The Georgia Emergency Management Agency/Homeland Security advises there is no better time for the public to get prepared for hurricane season. As Superstorm Sandy revealed last year, it only takes one storm to devastate a community.
“History shows that a lack of awareness and preparation are common threads among all major hurricane disasters,” said Charley English, director of GEMA/Homeland Security. “Being prepared before a hurricane hits is the only way to ensure that you will be ready. You can try to make preparations in the midst of a storm’s formation, but it might be too late. By knowing your vulnerability and what actions you should take, you can reduce the effects of a hurricane disaster.”
Storms that form in the Atlantic Ocean, Caribbean Sea and Gulf of Mexico have the potential to bring storm surge, high winds, tornadoes and inland flooding across Georgia. In fact, Tropical Storm Alberto remains the costliest disaster in the state’s history. In 1994, the storm stalled over western Georgia producing catastrophic flooding, damages exceeding $750 million and more than 30 deaths.
Forecasters say the 2013 hurricane season — which runs through the end of November — could be a busy one due to factors including higher-than-normal temperatures in the Atlantic Ocean. According to GEMA, 69 percent of Georgians have not thought about where to go or how to evacuate should a hurricane hit this summer. Another 71 percent do not have a NOAA Weather Radio to warn them of advancing threats, while the same percentage have yet to arrange a family meeting place in the case of disaster.
For preparedness on the go, families can download Ready Georgia’s free mobile app to learn how to prepare for emergencies, create family communications plans and more.
For more information, visit www.ready.ga.gov or www.gema.ga.gov. For specific risks in your area, contact your local emergency management agency.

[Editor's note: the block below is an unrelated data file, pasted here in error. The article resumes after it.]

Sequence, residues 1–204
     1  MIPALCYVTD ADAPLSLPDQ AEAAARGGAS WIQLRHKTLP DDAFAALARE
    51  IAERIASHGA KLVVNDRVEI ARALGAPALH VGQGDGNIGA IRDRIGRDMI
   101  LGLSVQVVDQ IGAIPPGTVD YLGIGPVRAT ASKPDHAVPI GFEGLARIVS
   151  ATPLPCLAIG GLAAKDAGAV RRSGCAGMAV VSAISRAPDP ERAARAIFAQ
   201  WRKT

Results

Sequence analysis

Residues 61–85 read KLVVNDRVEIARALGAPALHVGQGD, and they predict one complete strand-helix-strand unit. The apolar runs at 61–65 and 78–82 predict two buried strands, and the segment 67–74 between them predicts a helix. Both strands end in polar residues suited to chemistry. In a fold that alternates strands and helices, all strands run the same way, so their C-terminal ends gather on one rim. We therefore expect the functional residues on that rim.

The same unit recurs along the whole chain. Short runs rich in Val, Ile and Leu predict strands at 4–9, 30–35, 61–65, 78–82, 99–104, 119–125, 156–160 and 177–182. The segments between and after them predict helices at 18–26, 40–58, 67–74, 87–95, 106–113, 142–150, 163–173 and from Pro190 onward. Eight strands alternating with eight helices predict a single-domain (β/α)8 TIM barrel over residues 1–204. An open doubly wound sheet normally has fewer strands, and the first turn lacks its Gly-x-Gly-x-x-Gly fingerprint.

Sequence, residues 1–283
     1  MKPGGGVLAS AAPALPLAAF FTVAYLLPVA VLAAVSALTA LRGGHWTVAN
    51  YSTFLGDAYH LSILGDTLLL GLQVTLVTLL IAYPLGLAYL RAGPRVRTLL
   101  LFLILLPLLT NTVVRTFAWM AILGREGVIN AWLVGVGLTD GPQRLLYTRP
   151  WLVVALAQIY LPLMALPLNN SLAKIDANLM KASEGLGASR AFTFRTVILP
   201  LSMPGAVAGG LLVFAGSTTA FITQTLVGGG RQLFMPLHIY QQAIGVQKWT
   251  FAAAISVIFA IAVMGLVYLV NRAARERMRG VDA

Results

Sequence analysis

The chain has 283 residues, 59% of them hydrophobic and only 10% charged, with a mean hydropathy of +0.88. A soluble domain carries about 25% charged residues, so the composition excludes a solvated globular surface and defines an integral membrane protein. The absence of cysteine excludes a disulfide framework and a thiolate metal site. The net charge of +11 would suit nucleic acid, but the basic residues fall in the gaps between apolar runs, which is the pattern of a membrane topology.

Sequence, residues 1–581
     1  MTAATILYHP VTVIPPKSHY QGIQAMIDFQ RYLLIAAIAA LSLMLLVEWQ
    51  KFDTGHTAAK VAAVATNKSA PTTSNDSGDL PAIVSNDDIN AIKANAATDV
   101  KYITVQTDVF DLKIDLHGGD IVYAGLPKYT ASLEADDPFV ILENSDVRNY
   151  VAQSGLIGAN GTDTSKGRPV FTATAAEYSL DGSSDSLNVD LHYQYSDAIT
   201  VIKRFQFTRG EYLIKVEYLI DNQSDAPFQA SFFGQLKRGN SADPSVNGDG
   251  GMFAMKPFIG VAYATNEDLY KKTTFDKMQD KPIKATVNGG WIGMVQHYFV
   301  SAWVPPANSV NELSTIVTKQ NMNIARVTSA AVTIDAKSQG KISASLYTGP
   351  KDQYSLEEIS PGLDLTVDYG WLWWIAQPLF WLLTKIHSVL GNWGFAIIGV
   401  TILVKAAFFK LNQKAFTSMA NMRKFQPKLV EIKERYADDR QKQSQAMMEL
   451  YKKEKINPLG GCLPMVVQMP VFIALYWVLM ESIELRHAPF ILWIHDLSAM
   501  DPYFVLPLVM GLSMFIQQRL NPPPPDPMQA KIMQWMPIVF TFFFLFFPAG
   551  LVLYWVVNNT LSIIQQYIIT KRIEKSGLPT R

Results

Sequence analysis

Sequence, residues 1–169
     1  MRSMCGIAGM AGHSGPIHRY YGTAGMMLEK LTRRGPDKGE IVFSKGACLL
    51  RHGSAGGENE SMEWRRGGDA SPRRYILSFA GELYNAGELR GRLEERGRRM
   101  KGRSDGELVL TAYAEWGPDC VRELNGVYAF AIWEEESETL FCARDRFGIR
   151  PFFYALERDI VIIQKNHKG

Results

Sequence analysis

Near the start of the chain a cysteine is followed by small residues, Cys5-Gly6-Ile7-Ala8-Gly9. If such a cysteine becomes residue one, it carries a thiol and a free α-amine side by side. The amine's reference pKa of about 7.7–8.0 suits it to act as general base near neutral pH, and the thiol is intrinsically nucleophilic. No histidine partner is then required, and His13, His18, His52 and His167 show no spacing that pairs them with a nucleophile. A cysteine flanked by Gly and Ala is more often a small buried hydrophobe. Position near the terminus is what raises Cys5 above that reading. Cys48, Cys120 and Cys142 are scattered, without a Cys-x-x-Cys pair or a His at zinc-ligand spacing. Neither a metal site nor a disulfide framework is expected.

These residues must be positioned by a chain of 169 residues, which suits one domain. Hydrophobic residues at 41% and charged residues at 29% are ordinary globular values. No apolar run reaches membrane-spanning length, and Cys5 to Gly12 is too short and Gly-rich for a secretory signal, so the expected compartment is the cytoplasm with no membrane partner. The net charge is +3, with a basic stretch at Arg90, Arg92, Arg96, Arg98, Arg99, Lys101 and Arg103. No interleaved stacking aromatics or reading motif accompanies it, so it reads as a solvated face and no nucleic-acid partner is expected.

The AAA offered the following tips for driving on wet roads:
• Check tires: Make sure tires are properly inflated and have enough tread depth. This will allow the vehicle to have better traction and maneuverability on the road. Worn tires with little tread are much more likely to hydroplane on wet pavement, resulting in a loss of braking power and steering control. Check the tread depth of your car’s tires by inserting a quarter upside down into a tire groove. If you can see above Washington’s head at any point, it’s time for new tires.
• Avoid cruise control: This feature works great in dry conditions, but when used in wet conditions, the chance of losing control of the vehicle can increase. To prevent loss of traction, the driver may need to reduce the car’s speed by lifting off the accelerator, which cannot be accomplished when cruise control is engaged.
• Slow down and leave room: Drivers should slow down, avoid hard braking or turning sharply and drive in the tracks of the vehicle ahead of them. Also, it’s important for motorists to allow ample stopping distance between cars by increasing the following distance of the vehicle in front of them. While a minimum of a 3-4 seconds following distance is recommended on dry pavement, it should be increased to 5-6 seconds when driving on wet roads.
• Avoid standing water and flooded roads at all times: There is no way to tell how deep standing water is on a flooded road and driving through it can cause a vehicle to stall and result in severe damage to the vehicle from:
Flooding the engine
Warping brake rotors
Loss of power steering
Short in electrical components
“It’s important that drivers heed official warnings and avoid driving on wet and flooded roads if able,” said Mark Jenkins, AAA spokesman, The Auto Club Group. “If motorists must drive, AAA recommends they drive slower than the allotted speed limit to decrease their chances of hydroplaning and avoid standing water at all costs.”